Kaitlyn opens the show by talking about how lucky she is to be the bachelorette and defends kissing two guys on the first night. At first, I wasn't aware that this was an action in need of defense. But then I remembered that this is ABC, a network that still shows beauty pageants, so clearly their programming's morality is questionable at best. I'm not taking lifestyle advice from a network that judges women on their beach bodies and then asks them complicated sociopolitical questions in under 20 seconds. That's lunacy.
After Kaitlyn's introduction, we see the rejected bachelorette, Britt, reunited with Brady who left on the first night to pursue her. Throughout the episode, we are teased with discovering the extent of their relationship, only to eventually find out that the two are dating now. That's it. Personally, I would like to see weekly updates on Britt and Brady, because "we're dating" is not a satisfying ending too a Bachelorette storyline.
Speaking of unsatisfying.
The first group date brings eight guys to a boxing gym/abandonded warehouse to learn how to box with Layla Ali. I'm not sure why they had to go into a warehouse to learn how to box, especially when the greatest female boxer in history is on site. "Eight guys walk into a warehouse," is barely the start of a joke, much less a group date on The Bachelorette.
After a brief training session, the guys begin a boxing tournament against each other to try and win the Bachelorette Heavyweight Championship. If you ever wondered why weight classes exist in professional fighting, this tournament should be your answer. Ben Z outweighed his competition by at least fifteen pounds and cruised through the tournament, even giving Jared a concussion in their championship fight. Why the producers ever thought fighting a 225 lb former football player was a good idea is beyond me, but I'll give them credit. It was very entertaining.
The group date ended with a cocktail hour, and a lot more Ben Z and Jared time. Ben Z reveals that his mother passed when he was only 14, and she is the reason he loves to cook. The emotional honesty gets him both Kaitlyn's affection and the date rose, which I really can't argue with.
Jared also made a reappearance from the hospital during the date, and stole Kaitlyn away for a few moments to go on a walk. He revealed that he couldn't stay due to doctor's orders, and then kissed her. I hope that years from now when Jared and Kaitlyn are married with children, one of those children will ask about their parent's first kiss. With a wistful glance toward his wife, Jared will remember it fondly and say "Well I had just been beaten senseless by your mom's other boyfriend, and had some mild brain damage when I surprised her on a date with seven other guys." Truly, it would be the greatest love story ever told.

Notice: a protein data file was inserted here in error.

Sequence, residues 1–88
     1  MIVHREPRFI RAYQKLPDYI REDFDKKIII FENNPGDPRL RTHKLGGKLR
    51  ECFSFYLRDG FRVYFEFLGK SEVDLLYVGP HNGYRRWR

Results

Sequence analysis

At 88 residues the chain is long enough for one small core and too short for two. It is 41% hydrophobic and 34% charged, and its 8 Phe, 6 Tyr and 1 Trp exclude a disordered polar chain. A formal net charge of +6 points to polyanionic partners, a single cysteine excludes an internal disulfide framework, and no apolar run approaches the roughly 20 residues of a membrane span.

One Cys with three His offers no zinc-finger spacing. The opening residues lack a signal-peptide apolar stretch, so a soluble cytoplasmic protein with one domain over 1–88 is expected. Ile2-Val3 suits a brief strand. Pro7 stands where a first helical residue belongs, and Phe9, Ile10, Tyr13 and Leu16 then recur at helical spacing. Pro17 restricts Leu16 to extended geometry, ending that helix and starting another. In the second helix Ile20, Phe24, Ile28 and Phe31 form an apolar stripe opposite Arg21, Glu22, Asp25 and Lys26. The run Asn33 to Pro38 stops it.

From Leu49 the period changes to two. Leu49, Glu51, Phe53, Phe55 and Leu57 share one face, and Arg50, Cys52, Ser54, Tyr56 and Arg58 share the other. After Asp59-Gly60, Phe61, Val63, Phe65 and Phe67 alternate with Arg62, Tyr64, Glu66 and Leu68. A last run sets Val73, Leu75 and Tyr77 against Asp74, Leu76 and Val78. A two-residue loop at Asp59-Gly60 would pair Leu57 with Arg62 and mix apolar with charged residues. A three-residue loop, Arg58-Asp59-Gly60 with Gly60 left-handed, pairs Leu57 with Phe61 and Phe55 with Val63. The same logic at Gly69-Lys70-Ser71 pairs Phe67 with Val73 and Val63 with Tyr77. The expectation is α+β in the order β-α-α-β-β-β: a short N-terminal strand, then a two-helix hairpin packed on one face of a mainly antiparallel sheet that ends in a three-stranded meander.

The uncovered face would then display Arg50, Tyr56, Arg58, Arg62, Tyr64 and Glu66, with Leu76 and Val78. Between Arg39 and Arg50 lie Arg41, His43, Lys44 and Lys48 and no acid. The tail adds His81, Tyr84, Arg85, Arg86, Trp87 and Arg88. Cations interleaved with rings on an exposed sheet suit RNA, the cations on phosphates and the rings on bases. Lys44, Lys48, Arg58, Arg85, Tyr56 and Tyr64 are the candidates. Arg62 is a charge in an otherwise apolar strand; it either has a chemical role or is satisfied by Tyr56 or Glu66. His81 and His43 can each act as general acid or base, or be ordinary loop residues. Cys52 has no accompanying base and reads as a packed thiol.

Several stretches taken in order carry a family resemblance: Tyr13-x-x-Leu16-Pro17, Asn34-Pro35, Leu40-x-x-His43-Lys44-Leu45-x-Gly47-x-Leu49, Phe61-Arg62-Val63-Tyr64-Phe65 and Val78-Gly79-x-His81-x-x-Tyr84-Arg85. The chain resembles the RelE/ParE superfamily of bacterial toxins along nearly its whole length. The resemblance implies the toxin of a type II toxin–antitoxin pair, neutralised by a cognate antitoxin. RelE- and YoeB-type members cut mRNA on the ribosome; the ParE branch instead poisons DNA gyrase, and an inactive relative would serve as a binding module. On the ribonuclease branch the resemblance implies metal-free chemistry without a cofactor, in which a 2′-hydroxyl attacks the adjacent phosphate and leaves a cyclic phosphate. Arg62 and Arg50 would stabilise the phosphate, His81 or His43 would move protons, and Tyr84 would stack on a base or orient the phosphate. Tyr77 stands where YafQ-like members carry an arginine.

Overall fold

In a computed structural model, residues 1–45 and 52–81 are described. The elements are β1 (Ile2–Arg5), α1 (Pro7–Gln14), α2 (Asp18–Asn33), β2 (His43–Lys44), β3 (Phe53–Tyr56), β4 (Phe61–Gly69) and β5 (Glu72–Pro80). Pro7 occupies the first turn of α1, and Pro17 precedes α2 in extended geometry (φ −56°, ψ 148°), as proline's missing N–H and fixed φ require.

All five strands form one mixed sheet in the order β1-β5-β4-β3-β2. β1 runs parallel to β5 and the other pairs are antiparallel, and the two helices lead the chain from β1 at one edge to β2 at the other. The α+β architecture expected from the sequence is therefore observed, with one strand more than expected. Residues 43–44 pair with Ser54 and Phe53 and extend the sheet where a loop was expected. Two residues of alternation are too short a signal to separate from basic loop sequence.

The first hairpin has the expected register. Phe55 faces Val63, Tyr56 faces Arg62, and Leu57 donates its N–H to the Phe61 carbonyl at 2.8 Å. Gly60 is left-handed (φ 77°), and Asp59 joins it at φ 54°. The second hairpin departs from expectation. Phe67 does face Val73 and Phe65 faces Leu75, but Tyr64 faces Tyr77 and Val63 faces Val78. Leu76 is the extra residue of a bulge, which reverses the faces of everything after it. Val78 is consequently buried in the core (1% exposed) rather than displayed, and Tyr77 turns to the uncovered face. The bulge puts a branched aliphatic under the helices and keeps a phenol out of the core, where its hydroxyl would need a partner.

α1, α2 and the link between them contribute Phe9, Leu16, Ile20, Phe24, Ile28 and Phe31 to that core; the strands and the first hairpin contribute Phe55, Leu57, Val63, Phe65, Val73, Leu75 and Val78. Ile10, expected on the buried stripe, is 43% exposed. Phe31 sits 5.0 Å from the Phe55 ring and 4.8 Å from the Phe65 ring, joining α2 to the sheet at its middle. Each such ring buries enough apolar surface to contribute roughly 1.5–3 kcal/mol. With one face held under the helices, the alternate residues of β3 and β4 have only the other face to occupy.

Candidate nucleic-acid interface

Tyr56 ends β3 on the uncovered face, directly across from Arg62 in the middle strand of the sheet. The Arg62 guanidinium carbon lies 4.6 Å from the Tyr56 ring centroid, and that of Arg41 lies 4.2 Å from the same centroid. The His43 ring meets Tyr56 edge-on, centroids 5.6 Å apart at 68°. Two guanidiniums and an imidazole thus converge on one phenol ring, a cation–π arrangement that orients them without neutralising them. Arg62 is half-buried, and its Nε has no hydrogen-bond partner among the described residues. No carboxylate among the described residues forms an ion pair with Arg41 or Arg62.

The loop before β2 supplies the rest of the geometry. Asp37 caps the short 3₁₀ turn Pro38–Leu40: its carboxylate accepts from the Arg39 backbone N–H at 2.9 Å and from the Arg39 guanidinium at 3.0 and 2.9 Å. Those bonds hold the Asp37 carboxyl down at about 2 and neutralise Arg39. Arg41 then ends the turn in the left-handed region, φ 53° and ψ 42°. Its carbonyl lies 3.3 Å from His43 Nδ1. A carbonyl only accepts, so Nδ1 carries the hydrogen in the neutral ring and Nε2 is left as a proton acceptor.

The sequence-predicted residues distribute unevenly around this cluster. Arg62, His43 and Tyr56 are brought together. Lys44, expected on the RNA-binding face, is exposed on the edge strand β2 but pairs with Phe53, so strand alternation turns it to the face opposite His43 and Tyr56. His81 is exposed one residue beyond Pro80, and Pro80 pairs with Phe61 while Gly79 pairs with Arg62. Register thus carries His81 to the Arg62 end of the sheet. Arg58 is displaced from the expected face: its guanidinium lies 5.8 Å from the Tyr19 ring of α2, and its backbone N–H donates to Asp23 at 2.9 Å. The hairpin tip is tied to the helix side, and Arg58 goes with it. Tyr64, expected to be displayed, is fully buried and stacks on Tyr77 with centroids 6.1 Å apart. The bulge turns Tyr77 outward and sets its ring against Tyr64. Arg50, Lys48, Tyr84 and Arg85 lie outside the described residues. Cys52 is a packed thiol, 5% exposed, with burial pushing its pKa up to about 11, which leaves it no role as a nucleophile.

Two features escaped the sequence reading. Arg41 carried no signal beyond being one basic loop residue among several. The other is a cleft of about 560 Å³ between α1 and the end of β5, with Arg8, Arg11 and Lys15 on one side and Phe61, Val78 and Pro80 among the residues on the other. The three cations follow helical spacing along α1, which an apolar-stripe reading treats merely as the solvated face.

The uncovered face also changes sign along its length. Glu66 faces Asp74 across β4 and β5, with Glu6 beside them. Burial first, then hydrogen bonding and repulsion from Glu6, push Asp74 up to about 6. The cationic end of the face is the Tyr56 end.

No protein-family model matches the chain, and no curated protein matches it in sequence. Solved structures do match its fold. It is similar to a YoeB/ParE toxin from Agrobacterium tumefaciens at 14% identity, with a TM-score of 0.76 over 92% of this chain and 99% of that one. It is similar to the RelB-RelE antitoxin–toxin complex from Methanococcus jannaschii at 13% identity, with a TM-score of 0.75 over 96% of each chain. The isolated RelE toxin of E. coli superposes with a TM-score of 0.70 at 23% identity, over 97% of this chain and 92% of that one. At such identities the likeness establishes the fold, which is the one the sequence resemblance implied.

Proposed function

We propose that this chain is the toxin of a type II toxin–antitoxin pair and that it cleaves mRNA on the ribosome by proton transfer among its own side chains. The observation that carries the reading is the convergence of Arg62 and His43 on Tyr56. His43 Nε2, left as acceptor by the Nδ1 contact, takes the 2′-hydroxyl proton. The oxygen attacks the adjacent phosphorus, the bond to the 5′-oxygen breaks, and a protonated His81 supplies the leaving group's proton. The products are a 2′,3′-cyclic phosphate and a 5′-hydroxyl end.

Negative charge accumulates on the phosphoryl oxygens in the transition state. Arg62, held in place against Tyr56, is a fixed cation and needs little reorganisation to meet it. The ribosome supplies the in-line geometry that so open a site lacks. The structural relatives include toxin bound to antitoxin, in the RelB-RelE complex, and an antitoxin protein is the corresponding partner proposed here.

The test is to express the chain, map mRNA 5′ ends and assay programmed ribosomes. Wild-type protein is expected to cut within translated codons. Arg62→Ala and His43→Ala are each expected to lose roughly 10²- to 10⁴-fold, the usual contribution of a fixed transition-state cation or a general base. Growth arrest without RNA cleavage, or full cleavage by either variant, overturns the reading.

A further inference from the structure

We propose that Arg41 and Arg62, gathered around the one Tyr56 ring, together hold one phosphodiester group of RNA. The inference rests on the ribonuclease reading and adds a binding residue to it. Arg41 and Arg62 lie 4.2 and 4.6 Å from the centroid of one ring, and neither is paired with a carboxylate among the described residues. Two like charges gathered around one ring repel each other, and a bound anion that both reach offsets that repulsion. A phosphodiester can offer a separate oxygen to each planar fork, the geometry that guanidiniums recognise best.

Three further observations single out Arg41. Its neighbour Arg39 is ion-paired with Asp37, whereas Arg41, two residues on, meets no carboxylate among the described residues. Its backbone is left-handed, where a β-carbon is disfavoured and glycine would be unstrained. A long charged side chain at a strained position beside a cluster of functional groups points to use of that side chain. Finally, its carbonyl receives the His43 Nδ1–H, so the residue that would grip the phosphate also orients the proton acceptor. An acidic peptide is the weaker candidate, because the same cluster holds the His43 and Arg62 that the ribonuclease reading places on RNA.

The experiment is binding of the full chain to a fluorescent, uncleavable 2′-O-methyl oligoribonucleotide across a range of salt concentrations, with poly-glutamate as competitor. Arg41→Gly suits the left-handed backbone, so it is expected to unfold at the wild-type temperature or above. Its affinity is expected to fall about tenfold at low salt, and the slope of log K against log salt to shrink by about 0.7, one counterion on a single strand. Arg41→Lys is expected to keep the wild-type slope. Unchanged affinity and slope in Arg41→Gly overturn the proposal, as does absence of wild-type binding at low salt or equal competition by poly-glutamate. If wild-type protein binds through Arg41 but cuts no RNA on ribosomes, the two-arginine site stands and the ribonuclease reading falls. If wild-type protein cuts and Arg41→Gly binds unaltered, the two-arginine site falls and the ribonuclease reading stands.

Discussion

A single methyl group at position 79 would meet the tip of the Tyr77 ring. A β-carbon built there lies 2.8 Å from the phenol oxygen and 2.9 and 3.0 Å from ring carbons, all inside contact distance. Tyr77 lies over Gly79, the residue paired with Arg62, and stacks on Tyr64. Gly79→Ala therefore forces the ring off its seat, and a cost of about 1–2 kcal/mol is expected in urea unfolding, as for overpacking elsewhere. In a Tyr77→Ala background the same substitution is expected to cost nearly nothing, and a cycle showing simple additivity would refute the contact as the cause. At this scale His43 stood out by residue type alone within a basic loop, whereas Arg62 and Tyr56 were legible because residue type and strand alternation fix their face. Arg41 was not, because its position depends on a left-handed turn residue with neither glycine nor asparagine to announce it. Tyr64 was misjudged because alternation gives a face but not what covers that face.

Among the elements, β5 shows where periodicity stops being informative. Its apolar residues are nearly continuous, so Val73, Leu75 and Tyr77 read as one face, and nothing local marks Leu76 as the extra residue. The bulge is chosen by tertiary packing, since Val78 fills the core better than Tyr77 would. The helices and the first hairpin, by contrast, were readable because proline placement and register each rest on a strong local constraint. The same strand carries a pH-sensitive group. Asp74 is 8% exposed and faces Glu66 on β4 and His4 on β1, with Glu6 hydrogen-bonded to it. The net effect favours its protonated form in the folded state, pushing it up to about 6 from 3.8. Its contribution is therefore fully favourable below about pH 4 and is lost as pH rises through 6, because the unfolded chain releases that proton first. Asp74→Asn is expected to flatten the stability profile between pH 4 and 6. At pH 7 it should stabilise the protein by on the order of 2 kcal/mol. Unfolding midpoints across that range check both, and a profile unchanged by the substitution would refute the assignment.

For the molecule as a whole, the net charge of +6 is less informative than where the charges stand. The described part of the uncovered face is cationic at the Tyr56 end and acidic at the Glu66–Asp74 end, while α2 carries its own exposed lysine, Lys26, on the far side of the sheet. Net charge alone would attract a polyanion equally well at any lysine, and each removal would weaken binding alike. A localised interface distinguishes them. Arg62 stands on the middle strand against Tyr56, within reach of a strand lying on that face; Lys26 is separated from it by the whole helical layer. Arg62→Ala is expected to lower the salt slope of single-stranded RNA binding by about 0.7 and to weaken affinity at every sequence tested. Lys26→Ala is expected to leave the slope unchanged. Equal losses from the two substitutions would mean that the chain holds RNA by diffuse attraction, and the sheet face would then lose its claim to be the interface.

Clint gets the first one on one date of the season and it was a real snooze fest. He and Kaitlyn are going to take underwater pictures together, which is apparently now a thing that people do. The couple did a few breathing exercises which seemed eerily similar to the intimacy coach debacle from last season. While taking pictures underwater, the couple shared their first kiss, which would be a lot more romatic if there weren't a dozen individuals contractually obligated to be staring at them as it happened. Apparently I have a great deal more shame than the contestants on this show.
After the pictures, Clint and Kaitlyn got dinner and drinks together. Kaitlyn is very interested in Clint, but I don't get it. He didn't say anything of substance throughout the date, with most of his dialogue being agreements with Kaitlyn. I hope to god that Clint develops a personality, because I have a feeling he will be around for a while.